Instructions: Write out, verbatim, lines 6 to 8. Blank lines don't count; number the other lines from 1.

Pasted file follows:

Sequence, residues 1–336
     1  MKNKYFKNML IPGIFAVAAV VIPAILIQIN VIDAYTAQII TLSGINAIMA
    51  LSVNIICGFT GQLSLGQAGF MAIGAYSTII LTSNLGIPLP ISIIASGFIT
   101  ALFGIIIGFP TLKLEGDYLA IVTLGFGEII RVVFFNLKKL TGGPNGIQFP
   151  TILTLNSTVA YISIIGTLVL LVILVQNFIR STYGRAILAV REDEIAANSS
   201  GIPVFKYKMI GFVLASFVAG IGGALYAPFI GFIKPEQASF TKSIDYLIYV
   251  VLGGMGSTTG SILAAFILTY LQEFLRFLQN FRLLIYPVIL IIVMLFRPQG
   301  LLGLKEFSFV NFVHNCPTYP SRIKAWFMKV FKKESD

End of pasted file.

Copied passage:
   201  GIPVFKYKMI GFVLASFVAG IGGALYAPFI GFIKPEQASF TKSIDYLIYV
   251  VLGGMGSTTG SILAAFILTY LQEFLRFLQN FRLLIYPVIL IIVMLFRPQG
   301  LLGLKEFSFV NFVHNCPTYP SRIKAWFMKV FKKESD